Struggling Eisai looks for help in China with new generics deal

Eisai CEO Haruo Naito

Eisai's had a rough few years, but it's predicted an upswing in operating profit in the not-too-distant future. And to help it get there, it's struck a new deal in China.

The Japanese pharma announced a RMB 500 million ($78.2 million) agreement late last week to purchase Chinese generics manufacturer Liaoning TianYi Biological Pharmaceutical, which makes about 90 products to treat conditions including pain relief, intestinal disorders and diabetes.

The move will mean a boost in the world's second-largest pharma market for Eisai, which is in the midst of a restructuring after announcing 200-plus layoffs in April. Despite a slowdown in economic growth within the country, China's rapidly aging population and access-improving government policies are expected to keep its pharma market steadily expanding, the company pointed out.

Beyond that, the drugmaker expects generics--which make up the majority of prescriptions in small and medium-sized cities and hospitals in China--to experience even stronger growth, and with the buyout, it'll now be in a good position to provide them, it said.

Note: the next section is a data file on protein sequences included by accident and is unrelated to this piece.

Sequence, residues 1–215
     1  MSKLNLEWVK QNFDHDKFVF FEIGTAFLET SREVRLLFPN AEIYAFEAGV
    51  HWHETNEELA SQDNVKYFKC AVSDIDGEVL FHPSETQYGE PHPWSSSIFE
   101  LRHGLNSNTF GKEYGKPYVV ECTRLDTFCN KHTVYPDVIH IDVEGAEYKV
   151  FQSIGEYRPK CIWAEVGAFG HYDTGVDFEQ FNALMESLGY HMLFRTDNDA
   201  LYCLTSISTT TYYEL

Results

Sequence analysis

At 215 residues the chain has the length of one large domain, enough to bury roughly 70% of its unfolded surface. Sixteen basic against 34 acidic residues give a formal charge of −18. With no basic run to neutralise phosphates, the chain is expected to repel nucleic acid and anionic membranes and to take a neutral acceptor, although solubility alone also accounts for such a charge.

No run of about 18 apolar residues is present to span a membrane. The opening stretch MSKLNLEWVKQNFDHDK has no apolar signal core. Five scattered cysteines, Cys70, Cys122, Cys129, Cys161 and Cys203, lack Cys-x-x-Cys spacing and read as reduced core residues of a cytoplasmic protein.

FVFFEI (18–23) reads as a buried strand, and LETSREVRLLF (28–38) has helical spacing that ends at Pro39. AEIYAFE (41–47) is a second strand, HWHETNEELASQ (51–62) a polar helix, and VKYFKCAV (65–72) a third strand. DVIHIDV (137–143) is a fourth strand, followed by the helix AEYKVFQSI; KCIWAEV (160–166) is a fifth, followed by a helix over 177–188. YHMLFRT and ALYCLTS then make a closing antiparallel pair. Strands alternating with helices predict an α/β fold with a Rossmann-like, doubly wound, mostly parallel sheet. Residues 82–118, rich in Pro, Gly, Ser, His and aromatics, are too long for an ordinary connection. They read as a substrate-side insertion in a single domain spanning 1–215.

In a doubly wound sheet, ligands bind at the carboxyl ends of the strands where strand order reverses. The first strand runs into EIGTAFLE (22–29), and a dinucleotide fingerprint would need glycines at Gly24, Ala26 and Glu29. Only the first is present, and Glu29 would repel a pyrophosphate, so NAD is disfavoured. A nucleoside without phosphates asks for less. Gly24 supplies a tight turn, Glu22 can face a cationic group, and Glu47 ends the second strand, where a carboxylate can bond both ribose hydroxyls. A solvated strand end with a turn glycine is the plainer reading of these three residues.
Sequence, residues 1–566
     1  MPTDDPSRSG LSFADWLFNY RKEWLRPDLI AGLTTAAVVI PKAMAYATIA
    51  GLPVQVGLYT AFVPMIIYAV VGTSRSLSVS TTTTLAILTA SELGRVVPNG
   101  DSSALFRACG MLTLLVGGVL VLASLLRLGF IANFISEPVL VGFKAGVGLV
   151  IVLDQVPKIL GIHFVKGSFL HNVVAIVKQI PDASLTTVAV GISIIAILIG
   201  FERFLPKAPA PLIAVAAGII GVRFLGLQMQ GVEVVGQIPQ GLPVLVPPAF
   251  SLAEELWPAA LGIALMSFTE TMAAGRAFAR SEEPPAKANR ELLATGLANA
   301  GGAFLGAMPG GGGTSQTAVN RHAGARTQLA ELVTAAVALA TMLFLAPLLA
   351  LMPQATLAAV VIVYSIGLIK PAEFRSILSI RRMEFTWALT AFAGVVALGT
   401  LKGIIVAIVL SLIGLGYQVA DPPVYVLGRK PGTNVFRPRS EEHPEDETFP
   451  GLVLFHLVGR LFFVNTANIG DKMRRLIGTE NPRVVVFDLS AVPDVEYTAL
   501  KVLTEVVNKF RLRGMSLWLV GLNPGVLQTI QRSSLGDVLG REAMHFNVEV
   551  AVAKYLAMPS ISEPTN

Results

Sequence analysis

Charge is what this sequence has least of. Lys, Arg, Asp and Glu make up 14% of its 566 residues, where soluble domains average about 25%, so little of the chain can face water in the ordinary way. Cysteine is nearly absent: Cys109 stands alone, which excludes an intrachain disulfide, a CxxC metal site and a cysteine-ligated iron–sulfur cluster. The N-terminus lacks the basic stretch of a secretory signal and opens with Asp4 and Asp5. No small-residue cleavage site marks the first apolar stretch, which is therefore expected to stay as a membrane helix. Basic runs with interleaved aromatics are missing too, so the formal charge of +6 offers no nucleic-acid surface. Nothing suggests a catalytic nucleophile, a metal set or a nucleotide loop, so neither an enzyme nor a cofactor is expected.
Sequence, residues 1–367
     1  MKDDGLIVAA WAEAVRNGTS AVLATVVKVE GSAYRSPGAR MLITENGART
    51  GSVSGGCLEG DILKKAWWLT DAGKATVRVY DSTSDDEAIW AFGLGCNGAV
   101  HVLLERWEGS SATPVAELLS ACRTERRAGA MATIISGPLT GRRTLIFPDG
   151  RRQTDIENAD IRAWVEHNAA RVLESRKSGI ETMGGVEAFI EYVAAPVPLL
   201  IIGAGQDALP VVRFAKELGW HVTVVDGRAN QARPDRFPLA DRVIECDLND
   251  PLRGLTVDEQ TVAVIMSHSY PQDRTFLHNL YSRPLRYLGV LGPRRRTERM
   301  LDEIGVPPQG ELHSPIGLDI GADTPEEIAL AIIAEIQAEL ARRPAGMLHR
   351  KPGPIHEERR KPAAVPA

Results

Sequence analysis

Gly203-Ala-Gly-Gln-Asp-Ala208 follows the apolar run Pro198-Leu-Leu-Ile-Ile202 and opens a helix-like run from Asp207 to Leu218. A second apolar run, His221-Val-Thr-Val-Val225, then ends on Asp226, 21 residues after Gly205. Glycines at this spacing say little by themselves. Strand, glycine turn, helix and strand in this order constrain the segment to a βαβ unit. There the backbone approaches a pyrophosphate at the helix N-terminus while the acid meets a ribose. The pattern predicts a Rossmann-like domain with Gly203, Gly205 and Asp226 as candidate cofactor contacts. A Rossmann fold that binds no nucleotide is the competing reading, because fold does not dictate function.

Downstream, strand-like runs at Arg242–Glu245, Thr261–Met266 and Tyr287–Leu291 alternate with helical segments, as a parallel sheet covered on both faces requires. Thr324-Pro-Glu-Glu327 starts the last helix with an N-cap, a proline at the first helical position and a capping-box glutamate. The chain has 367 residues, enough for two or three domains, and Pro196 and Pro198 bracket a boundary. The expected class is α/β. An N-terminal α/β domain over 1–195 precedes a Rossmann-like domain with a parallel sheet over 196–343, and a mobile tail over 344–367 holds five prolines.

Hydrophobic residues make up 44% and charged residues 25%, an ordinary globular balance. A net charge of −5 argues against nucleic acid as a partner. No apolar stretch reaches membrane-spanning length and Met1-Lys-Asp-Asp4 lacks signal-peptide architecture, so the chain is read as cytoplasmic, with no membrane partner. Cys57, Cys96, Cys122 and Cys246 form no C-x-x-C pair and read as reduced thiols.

Eisai can certainly use whatever lift its new pickup can provide. The company is still working to pick itself back up after patent losses on top sellers, including Alzheimer's drug Aricept. And recently, its new launches haven't come through the way the company hoped. Obesity med Belviq is up against multiple competitors in a slow-to-take-off obesity market, for one, while epilepsy therapy Fycompa has been stymied by a U.S. launch delay and German cost watchdogs.

Amid the turmoil, CEO Haruo Naito has said the company would be pinching pennies not just in the U.S. with the job-chopping drive, but elsewhere, too. In May, he said Eisai would reevaluate its investments in emerging markets such as Russia, Brazil and Mexico.

Meanwhile, Eisai isn't the only Japanese drugmaker to expand its generics footprint in Asia within the past week. On Monday, local rival Takeda unveiled a new joint venture with knockoffs giant Teva ($TEVA) in Japan.

- read the release

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